CAMBRIDGE – What a difference the crisis has made for the International Monetary Fund. It was just a few months ago that this important but unloved institution, a landmark of post-war global economic arrangements, seemed destined to irrelevance.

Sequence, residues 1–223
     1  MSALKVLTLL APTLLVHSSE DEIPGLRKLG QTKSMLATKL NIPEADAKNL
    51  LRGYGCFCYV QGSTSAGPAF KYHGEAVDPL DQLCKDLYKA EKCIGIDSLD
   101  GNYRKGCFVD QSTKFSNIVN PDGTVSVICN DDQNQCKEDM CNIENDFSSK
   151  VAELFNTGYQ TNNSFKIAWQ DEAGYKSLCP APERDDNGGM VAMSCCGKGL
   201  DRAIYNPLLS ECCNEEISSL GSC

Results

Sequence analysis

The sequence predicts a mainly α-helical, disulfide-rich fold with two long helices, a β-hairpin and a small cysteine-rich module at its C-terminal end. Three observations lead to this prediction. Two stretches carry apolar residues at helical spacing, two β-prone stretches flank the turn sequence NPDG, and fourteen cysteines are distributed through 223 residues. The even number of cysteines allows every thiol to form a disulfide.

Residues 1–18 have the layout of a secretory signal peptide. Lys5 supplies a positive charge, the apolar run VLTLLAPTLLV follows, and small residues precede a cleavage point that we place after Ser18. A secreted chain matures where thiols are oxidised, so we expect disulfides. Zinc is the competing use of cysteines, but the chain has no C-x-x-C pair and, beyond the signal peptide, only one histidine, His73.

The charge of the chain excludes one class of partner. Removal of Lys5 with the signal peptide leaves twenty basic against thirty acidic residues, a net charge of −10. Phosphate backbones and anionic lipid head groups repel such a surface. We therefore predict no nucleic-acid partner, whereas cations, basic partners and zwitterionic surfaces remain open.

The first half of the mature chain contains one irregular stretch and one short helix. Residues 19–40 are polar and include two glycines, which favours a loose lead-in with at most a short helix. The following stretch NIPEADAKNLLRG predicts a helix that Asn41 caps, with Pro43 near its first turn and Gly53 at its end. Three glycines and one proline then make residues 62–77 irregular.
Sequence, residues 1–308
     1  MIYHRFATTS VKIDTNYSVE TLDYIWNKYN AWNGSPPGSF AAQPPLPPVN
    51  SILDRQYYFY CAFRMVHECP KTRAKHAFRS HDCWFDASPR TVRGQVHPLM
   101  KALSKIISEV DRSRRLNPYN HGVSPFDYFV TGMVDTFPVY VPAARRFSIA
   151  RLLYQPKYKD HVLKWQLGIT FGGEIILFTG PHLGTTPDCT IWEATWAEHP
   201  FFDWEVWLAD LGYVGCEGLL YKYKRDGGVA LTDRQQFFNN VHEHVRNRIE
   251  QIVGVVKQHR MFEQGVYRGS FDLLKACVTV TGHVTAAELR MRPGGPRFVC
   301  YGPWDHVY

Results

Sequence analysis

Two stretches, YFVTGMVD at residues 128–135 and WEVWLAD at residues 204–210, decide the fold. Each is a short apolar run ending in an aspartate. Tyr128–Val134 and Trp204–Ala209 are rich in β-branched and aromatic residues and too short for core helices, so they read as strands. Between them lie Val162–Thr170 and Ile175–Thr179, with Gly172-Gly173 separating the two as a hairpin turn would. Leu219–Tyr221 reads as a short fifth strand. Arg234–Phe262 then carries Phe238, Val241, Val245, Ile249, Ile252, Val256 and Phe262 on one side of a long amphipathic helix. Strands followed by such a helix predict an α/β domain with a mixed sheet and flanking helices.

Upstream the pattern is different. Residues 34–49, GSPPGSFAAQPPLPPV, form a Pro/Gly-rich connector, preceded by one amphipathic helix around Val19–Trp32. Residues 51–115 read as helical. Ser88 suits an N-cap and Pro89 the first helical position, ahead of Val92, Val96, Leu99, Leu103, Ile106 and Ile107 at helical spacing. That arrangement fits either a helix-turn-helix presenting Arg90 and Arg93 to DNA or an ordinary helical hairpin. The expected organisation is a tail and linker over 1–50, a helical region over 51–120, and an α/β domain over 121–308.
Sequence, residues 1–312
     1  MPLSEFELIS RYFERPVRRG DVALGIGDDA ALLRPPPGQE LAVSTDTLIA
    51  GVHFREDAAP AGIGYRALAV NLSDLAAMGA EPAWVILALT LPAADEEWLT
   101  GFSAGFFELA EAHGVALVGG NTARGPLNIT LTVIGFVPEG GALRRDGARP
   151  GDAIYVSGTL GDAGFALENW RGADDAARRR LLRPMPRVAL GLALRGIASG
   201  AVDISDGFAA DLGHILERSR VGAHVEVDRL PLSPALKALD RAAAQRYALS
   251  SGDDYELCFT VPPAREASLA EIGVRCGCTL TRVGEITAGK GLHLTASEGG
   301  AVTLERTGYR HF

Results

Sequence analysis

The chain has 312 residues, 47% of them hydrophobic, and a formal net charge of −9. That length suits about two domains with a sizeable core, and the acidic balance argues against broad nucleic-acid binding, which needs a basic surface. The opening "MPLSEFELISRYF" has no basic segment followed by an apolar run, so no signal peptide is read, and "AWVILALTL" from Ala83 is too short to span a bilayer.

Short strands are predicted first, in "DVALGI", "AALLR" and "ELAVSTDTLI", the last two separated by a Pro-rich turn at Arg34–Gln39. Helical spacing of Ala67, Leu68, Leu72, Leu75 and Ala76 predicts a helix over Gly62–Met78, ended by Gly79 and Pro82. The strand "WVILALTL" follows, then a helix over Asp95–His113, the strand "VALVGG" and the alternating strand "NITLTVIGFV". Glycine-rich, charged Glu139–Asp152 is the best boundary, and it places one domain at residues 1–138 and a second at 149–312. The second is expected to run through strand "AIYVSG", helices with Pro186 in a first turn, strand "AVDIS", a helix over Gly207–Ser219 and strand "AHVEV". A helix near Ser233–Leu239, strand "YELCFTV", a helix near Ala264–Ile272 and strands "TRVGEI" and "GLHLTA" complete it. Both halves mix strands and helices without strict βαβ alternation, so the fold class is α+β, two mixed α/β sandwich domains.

The IMF has long been a whipping boy for both left and right – the former because of the Fund’s emphasis on fiscal rectitude and economic orthodoxy, and the latter because of its role in bailing out indebted nations. Developing nations grudgingly took its advice, while advanced nations, not needing the money, ignored it. In a world where private capital flows dwarf the resources at its disposal, the IMF had come to seem an anachronism.